It is not uncommon for property owners or managers to wait until a boiler completely breaks down and are suddenly faced with no heat before making a boiler decision. To make things worse, these types of failures happen when there is real need for heat (for instance, a very cold day) and since the failure is unexpected, there are rarely emergency funds allocated to fix the problem.

The following are some warning signs that it’s time to replace an old unit:

Age: Condensing boilers haven’t been on the market for a long time and therefore it is hard to predict their longevity. With proper maintenance, they are expected to last at least 15 years or longer. Weil-McLain boilers come with a 10-year non-prorated heat exchanger warranty and two-year parts warranty. Cast-iron boilers, on the other hand, should be considered for replacement if they have been operating for more than 20 or 30 years. Some of these boilers can last up to 50 years or longer, but even with decent annual maintenance, their efficiencies are much lower than today’s cast-iron boilers. Oftentimes, the energy savings from a new boiler replacement alone practically pays for the cost itself within a year or two.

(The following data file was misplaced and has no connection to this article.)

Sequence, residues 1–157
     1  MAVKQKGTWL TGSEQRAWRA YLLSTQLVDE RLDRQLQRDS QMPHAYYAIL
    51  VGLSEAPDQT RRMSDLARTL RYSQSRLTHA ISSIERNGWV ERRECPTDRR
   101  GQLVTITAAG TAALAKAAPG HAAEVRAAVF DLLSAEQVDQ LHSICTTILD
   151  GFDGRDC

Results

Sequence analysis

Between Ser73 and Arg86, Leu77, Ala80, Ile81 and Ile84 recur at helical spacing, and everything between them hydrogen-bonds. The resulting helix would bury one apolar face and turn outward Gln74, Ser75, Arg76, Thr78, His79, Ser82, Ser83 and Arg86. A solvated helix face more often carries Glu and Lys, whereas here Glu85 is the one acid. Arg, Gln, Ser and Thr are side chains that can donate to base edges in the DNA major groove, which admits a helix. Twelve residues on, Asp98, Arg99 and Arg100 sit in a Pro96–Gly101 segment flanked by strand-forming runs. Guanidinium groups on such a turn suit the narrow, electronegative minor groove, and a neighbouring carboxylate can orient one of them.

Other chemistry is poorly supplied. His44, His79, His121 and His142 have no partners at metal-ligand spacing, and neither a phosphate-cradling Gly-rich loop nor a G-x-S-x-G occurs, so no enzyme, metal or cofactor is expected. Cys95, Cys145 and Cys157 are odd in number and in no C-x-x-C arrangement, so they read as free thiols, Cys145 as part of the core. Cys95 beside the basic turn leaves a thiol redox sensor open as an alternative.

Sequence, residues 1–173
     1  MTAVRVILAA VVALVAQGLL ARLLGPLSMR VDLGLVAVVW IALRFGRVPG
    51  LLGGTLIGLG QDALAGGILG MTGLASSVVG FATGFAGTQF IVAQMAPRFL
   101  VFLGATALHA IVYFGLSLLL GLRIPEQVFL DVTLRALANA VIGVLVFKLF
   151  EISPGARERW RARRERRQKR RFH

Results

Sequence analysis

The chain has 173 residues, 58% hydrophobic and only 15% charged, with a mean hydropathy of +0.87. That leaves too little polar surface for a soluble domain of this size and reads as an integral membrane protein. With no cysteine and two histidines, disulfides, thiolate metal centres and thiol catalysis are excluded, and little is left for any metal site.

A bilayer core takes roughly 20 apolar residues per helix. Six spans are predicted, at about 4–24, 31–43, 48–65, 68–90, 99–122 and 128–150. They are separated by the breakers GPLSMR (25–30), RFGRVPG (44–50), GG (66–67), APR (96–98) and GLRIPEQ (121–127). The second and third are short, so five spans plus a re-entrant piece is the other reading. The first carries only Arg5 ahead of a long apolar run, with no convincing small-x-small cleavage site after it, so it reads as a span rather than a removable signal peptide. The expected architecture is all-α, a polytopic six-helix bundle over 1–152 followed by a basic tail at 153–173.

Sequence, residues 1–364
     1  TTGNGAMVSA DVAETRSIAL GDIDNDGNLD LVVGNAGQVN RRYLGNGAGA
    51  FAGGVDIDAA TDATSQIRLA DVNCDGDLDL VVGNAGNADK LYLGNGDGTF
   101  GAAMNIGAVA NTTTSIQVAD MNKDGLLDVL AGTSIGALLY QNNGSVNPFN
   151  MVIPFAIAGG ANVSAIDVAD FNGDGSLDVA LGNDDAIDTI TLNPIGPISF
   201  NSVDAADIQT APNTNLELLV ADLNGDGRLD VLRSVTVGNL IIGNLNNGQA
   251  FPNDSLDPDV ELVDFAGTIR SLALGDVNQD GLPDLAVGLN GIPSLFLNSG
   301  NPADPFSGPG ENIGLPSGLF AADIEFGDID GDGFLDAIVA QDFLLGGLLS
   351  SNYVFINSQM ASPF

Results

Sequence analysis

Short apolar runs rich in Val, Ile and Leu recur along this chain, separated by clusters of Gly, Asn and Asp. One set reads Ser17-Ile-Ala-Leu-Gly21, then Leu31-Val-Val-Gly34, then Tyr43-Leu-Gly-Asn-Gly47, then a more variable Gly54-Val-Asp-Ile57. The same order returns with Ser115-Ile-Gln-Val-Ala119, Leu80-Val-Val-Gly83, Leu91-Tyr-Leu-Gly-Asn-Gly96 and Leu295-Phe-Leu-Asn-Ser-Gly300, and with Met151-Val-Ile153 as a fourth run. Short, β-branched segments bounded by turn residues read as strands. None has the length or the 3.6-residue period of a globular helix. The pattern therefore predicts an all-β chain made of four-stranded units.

Energy Expenditures: Be mindful of any increases in energy expenses. If energy bills are slowly rising it may not only be the age of the boiler, it could be increasing costs of the boiler maintenance. If a boiler requires constant servicing, the system has likely become less efficient. One should consider upgrading to a more reliable, durable unit, such as a cast=iron unit. Additionally, a noisy unit may also be a sign that it’s time for an upgrade.